Mt Pleasant: High hopes and Olympic dreams for pole vault teen Lauren Hyde-Cooling

Lauren Hyde-Cooling flying high early this year at the Australian Junior Athletics Championships. Picture: Getty Images
Lauren Hyde-Cooling flying high early this year at the Australian Junior Athletics Championships. Picture: Getty Images

HAVING had a taste of international competition, teenage pole vaulter Lauren Hyde-Cooling has set her sights on an even biggest stage – the 2020 Olympic Games in Tokyo.

The 18-year-old Mt Pleasant resident, who has just returned from competing in the World Junior Championships in Finland, said it’s every athletes dream to represent their country at the Olympics.

To get there she will need to leap at least 4.50m, 46cm higher than her current personal best.

“I’ve had a little taste so it would be good to be able to make it onto the Australian team at a senior level,” she said.

“I guess that’s the best you can do, that’s the highest you can go.”

Hyde-Cooling described competing at the World Junior Championships as a great experience, but was disappointed with her performance.

She bowed out of the competition in Finland early after clearing 3.65m.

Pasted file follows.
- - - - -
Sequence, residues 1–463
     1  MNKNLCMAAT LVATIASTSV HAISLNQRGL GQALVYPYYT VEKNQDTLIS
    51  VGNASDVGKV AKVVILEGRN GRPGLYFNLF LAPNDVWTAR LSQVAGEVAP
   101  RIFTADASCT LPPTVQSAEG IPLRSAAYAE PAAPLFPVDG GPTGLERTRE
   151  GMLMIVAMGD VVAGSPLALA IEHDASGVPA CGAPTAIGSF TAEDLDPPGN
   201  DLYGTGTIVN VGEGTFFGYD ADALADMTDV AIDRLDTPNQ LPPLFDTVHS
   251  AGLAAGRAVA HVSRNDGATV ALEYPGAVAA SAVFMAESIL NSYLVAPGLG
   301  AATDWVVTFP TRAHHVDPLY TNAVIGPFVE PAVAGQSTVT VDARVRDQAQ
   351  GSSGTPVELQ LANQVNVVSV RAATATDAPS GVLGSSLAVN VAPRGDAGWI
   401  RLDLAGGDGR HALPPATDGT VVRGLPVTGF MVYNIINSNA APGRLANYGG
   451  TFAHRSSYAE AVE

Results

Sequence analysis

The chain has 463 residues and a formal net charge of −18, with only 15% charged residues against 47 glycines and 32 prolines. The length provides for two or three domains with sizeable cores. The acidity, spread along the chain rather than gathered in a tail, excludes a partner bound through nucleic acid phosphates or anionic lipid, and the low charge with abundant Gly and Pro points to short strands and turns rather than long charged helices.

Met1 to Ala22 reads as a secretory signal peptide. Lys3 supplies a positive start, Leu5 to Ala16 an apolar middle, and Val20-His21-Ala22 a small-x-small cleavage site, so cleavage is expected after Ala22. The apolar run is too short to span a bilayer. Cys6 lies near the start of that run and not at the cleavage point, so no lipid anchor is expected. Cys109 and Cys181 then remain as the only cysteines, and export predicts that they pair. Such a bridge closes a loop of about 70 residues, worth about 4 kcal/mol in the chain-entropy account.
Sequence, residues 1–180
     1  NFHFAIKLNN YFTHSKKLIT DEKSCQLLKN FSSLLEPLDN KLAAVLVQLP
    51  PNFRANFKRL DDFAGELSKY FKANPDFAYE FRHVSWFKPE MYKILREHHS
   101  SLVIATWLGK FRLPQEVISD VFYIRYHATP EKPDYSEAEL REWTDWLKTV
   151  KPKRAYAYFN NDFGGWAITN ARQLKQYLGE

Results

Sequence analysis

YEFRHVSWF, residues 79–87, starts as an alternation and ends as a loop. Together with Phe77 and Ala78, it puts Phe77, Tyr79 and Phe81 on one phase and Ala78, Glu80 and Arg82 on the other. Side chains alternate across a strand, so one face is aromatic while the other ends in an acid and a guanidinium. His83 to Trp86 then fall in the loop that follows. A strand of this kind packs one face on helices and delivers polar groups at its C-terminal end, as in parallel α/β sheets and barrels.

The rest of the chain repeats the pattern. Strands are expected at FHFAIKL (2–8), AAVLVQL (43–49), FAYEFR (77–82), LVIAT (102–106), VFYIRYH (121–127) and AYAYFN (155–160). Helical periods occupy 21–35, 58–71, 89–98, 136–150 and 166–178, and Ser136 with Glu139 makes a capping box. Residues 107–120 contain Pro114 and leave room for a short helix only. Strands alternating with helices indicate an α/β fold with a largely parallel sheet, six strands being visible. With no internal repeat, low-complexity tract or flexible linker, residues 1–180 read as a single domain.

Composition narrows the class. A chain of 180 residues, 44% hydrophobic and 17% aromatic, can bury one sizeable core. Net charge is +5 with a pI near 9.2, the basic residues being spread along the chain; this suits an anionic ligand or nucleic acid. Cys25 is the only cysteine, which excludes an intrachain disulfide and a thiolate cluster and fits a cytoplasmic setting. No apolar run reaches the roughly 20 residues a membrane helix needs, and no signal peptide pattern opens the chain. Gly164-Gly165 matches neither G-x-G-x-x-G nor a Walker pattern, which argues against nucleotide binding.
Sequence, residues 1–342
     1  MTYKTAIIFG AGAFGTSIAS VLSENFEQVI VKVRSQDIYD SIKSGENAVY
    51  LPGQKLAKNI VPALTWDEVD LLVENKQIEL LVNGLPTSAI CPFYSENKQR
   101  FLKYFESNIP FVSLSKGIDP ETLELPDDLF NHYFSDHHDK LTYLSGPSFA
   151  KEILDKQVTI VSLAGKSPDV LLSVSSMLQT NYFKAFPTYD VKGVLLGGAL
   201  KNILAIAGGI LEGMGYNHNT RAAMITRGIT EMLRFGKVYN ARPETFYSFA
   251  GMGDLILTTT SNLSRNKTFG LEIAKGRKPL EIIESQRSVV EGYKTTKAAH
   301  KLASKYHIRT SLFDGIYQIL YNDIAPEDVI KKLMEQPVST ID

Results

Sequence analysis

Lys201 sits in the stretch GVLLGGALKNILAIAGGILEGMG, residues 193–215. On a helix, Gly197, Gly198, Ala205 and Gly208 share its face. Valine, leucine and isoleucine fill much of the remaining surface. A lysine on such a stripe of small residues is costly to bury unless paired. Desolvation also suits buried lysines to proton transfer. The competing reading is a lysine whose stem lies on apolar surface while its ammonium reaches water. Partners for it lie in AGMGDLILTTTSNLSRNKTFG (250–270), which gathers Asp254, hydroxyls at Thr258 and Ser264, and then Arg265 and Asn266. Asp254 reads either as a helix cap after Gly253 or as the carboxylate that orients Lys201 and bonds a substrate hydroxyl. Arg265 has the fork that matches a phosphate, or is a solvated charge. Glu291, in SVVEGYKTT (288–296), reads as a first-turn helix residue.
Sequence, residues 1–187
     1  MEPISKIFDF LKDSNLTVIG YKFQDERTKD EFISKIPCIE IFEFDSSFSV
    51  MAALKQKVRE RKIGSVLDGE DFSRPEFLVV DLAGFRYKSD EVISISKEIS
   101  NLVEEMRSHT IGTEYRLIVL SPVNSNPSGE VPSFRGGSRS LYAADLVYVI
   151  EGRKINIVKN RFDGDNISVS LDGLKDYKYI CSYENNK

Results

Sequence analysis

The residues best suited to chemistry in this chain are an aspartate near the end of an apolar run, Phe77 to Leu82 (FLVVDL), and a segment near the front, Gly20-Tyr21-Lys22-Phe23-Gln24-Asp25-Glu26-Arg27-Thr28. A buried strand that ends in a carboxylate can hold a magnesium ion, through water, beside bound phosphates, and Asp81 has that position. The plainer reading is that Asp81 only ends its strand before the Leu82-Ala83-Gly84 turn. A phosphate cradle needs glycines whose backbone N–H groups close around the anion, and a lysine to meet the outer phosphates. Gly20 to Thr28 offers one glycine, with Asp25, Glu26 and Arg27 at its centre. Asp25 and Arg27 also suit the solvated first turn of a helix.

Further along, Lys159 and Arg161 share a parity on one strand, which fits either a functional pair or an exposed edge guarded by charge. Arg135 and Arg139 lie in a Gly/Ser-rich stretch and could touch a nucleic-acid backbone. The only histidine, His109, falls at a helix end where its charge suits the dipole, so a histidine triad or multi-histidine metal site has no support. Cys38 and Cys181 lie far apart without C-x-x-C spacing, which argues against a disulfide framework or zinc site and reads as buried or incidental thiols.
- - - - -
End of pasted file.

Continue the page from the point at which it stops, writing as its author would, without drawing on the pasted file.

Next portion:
“I didn’t compete the way I had hoped,” she said.

“I was battling a little bit of a foot injury in the lead up but that’s definitely not an excuse, I just didn’t really have a good day out there.”

The young athlete was originally interested in distance running but after a trial in the senior pole vault squad when she was 13-years-old, the sport that has given us heroes such as Steve Hooker, Tatiana Grigorieva and Vicki and Liz Parnov quickly became her ‘thing’.

MORE: From Brentwood to Finland: The special friendship forged by aspiring international athletes Lauren Hyde-Cooling and Lara Ilievski in under-7s competition

Hyde-Cooling will continue training for the 2018-19 domestic season and also is hoping to compete at the World Junior Games in Italy next year.

She said after graduating from Santa Maria College only last year, she was still coming to grips with juggling training six days a week, study and part-time work.

“It can be a bit hard to balance it at first but if you can surround yourself with the right people and communicate with everyone you need to then it’s not so bad,” Hyde-Cooling said.

She said the best thing about being an elite athlete was being able to see your results.

“When you work so hard every day and then you finally get a PB or a result you’ve been aiming for a while it can be really rewarding,” she said.